Prosecutor Scott Ellis and Other NH Trooper Trouble

I have lived in New Hampshire for only a short time. At first I was impressed by the ‘live free or die’ tag on the license plates, but sadly, I have found this attitude is simply part of a tradition, rather than a real attitude that the people of New Hampshire hold. Just as in every state I have lived, the people don’t seem to mind being pushed around by the authorities in place, and put up with it just as they do everywhere else in this country. We allow our public officials to lie, and cheat in order to get ahead. The state police don’t even read Miranda Warnings for the most part. If you try explaining this to an attorney, however, you will get the response that they are the police, and you are the one that has been arrested. Basically the sentiment is that, regardless of if the police commit any miss-steps in legal procedure, or has lied outright, it doesn’t matter because they are the police, and you are the one having been arrested. How is this right? How is this tolerable? Most people would probably go with the idea that ‘it won’t happen to me, so I won’t bother being upset’. This could happen to anyone.

Lately it has been brought to my attention that Prosecutor Scott Ellis is even willing to stoop so low when giving advice to witnesses of crimes, or alleged crimes, that he has even told a witness recently that it isn’t within their rights to plead the Fifth Amendment – even though it is well within their rights as a United States citizen.

Prosecutor Scott Ellis went even further saying that the Fifth Amendment is for people who are lying. In other words, Scott Ellis lied directly to a witness with the intention of coercing said witness into providing the information that he wanted. Even more troubling to me is the fact that in this state, the prosecutor doesn’t have to be a lawyer.

Certainly, with having given the information that I have above, one can see where it would be a public service to make all prosecution staff lawyers and paralegals. Perhaps if this was done, the prosecution in Keene and elsewhere might have a reasonable knowledge of the law, and hopefully the Constitution of the United States. What other rights are being trampled on by those in authority positions? Are we really a citizenry that practices the ideology that a defendant will always be deceptive, and a police officer will always tell the truth? I can tell you that as a human being that this assumption is absurd, and more attention should be paid to the fact that our public servants are humans like us, which means they are just as capable of deceit. Furthermore, doesn’t anyone else find it abhorrent that a member of the prosecution would lie in order to coerce someone? It feels as if, in order to protect ourselves, that we must at least audio record any encounter with law enforcement, and that is a shame.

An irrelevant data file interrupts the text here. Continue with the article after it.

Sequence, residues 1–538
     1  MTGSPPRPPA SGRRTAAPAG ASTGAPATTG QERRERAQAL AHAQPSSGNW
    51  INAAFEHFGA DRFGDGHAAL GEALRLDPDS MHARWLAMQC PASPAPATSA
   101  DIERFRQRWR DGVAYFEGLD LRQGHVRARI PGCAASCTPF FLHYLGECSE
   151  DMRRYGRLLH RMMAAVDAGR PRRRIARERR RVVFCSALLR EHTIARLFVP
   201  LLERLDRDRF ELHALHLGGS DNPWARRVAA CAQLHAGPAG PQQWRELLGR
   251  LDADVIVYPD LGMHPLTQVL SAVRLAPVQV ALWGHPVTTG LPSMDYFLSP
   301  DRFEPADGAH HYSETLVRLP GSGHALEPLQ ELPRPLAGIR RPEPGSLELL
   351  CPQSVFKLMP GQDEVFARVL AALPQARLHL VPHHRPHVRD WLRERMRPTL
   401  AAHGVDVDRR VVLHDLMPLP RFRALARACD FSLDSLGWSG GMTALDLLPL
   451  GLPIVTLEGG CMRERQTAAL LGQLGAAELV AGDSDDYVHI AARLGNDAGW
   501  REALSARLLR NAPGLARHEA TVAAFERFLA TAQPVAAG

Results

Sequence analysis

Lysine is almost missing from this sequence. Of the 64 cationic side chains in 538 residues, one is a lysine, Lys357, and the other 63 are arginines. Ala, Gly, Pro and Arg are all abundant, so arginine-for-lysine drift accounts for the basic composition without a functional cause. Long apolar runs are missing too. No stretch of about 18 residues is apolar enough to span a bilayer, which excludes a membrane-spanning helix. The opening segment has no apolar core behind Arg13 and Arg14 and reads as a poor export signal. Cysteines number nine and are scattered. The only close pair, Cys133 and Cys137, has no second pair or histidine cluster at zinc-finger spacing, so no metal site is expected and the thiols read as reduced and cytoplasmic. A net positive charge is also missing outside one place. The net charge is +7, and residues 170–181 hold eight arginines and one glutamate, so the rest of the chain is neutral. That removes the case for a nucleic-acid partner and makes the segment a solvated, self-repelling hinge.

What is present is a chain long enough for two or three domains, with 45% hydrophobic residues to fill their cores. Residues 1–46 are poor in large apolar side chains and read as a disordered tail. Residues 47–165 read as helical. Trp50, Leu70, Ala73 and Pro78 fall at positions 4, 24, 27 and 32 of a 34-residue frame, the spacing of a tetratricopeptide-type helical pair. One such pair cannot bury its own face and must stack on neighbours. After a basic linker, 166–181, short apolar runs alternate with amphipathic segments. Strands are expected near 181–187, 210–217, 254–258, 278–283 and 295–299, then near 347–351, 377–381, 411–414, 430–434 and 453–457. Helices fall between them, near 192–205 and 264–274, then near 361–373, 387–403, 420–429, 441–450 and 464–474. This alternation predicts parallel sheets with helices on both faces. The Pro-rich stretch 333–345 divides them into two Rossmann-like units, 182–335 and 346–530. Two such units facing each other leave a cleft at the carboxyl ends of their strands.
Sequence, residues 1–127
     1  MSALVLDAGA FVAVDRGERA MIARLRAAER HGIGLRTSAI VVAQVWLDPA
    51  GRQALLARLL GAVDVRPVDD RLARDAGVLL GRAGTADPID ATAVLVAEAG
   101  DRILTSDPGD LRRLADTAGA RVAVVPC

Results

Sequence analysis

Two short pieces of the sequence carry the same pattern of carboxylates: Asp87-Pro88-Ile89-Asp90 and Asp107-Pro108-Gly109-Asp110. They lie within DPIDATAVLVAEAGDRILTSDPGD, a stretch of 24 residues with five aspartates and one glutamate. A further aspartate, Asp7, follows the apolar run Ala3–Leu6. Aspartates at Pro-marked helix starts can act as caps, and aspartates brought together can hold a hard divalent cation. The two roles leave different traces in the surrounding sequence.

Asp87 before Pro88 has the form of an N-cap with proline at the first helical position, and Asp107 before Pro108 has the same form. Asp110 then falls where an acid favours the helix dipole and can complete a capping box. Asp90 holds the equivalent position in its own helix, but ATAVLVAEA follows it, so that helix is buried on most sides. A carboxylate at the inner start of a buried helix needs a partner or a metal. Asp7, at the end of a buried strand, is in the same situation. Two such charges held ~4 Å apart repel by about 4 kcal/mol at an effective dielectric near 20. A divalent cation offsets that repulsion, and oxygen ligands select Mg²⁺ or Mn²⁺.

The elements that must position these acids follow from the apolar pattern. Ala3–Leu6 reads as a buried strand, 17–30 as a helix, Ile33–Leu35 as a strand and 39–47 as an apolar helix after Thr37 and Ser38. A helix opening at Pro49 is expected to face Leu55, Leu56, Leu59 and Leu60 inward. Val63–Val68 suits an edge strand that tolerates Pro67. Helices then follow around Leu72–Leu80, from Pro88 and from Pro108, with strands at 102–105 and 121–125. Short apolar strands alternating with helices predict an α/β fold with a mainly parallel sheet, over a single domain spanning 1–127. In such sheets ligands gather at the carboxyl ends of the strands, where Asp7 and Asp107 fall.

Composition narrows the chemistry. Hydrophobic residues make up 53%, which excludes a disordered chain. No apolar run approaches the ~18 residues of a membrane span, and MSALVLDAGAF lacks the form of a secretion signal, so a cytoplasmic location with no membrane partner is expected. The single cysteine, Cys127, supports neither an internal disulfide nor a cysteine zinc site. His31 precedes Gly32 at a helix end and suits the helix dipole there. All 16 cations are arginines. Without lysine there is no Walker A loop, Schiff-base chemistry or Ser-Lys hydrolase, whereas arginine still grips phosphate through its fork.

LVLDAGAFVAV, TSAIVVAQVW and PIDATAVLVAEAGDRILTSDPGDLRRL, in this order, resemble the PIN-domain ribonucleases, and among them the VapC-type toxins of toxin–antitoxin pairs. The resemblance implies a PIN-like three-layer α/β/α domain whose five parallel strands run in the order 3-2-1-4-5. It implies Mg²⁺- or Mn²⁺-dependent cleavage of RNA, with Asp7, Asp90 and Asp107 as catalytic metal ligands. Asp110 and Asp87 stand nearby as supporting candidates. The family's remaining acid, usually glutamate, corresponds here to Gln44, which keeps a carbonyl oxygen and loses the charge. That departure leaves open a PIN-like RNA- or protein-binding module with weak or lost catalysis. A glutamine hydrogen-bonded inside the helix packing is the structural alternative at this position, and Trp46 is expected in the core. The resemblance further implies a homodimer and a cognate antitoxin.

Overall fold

With have said all of this, isn’t it time that we as a citizenry start to care again? Isn’t it time we right our wrongs when it comes to civil servants? Apparently, we feel it is just fine that government officials openly lie to us, while we as citizens could be placed under arrest for such an indiscretion? I have been arrested on two occasions, and on both of those occasions at no point was I Mirandized. Does the Miranda Warning exist in New Hampshire?

On one of those occasions I was arrested for DWI. The arresting officer was very decent with me in person. We talked openly about the Dodge Charger he was driving and the speed it was capable of. At one point, in a non-emergency situation, with no emergency lights on, Trooper Michael McLaughlin told me we were doing in excess of one hundred MPH. He even went on to make comment that the car drove so smooth that the only way you could tell how fast we were going was because of the noise from the light bar atop his cruiser.

The trooper never gave me a preliminary breath test, and took me to the Newport police department where the breathalyzer there promptly malfunctioned. We then went to Valley Regional Hospital and had a blood test taken. The findings were .17 bac. When we returned to Newport, I was admiring the assault rifle on the ceiling of his vehicle. He took it out of its mountings and offered it up to me to hold and examine. After all of this, I thought, well, this is a pretty cool cop.

When I received the discovery for the case, he said that I had taken a preliminary breath test, and it registered .24 bac! I never took a PBA! How one goes from a bac of .24 to .17 in an hour is beyond me, but that is what he claimed in his report. I noticed that he failed to mention any of his indiscretions that evening, however, he had no problem making me look like a complete fool. I ended up taking a plea deal. During the deal, the prosecution Trooper Scott Ellis made a complete turnabout with the original police report.

He said that my BAC started out at .15, and then rose to .17, so instead of aggravated DWI, I was sentenced to a regular DWI. How is this change possible? Did Trooper Ellis notice the obvious lie within Trooper Michael McLaughlin’s report? If so, did he simply cover for the trooper, and change the report? Given that Trooper McLaughlin was obviously deceptive in his report was he reprimanded? I doubt it.

So, one point being made is: no matter how cool they are, you will probably find out they are not when you receive your paperwork, and B: Who is worse? Trooper McLaughlin for lying, or Trooper Scott Ellis for covering it up, lying to witnesses, and acting outside of the law?

This story was submitted by Joseph Cox.


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